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Council reforms latest: Are we looking at a return to Dyfed?

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mapWALES moved a step closer to a massive Local Government reform today, following an announcement by Leighton Andrews.

Mr Andrews was responding to the results of the consultation on the Reforming Local Government White Paper published in February.  Over 700 responses were received, while more than 3,000 people took part in the opinion poll.

The major announcement concerned the shift from 22 local authorities down to eight or nine – two potential maps have been put forward.  Under both of the proposed maps, Carmarthenshire, Ceredigion, and Pembrokeshire would amalgamate in a reformation of Dyfed. 

As a result of these changes, the existing cap of 75 elected members per local authority would be replaced by a higher cap, to avoid elected members serving an unfeasibly large number of people.  It has not been stated what the future cap would be.

9 Local Authorities

  • Isle of Anglesey and Gwynedd
  • Conwy and Denbighshire
  • Flintshire and Wrexham
  • Ceredigion, Pembrokeshire and Carmarthenshire
  • Swansea and Neath Port Talbot
  • Bridgend, Rhondda Cynon Taf and Merthyr Tydfil
  • Cardiff and the Vale of Glamorgan
  • Blaenau Gwent, Caerphilly, Torfaen, Monmouthshire and Newport
  • Powys

8 Local Authorities

  • Isle of Anglesey, Gwynedd and Conwy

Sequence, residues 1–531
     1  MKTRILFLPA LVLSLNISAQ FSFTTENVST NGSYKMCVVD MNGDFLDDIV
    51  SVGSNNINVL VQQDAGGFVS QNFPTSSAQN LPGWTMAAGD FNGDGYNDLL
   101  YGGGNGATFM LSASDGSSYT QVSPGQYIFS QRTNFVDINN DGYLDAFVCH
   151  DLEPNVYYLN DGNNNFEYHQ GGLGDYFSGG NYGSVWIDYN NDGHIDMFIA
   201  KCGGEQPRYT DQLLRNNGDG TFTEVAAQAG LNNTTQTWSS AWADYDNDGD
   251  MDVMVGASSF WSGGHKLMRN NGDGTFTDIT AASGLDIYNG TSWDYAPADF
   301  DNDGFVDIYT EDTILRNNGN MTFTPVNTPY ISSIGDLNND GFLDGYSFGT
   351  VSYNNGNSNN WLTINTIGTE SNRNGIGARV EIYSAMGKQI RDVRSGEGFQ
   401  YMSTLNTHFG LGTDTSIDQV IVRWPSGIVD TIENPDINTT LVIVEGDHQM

• Denbighshire, Flintshire and Wrexham
  • Ceredigion, Pembrokeshire and Carmarthenshire
  • Swansea and Neath Port Talbot
  • Bridgend, Rhondda Cynon Taf and Merthyr Tydfil
  • Cardiff and the Vale of Glamorgan
  • Blaenau Gwent, Caerphilly, Torfaen, Monmouthshire and Newport
  • Powys

Proposals made by the White Paper which received strong support in the consultation process included giving a general power of competence to Local Authorities, and the establishment of a Public Services Staff Commission.

However, the idea of limiting the period of time that elected officers can serve for, and allowing officers to stand for election in their own authorities both attracted a strong negative response, as did the proposal that community councils should pass a competency test by demonstrating a turnover of at least £200,000, thus creating a two-tier system.  As a result, Mr Andrews announced that he would be scrapping these proposals.

Mr Andrews emphasized that this was not a final decision, but the next phase in discussions.  A draft Mergers and Reform Bill will be published in the autumn, which will include further formal consultation on the proposals for Local Authority mergers, as well as a Regulatory Impact Assessment.  More details will be published in this Friday’s Herald

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Cllr Kevin Madge elected as new county council Chairman

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THE new chair of Carmarthenshire County Council said he will work tirelessly during his term of office.

Cllr Kevin Madge, member for Garnant, takes the chain of office whilst celebrating 40 years as a councillor.

Taking the chair, Cllr Madge paid tribute to outgoing chairman Cllr Mansel Charles, member for Llanegwad, saying he had fulfilled his duties with passion.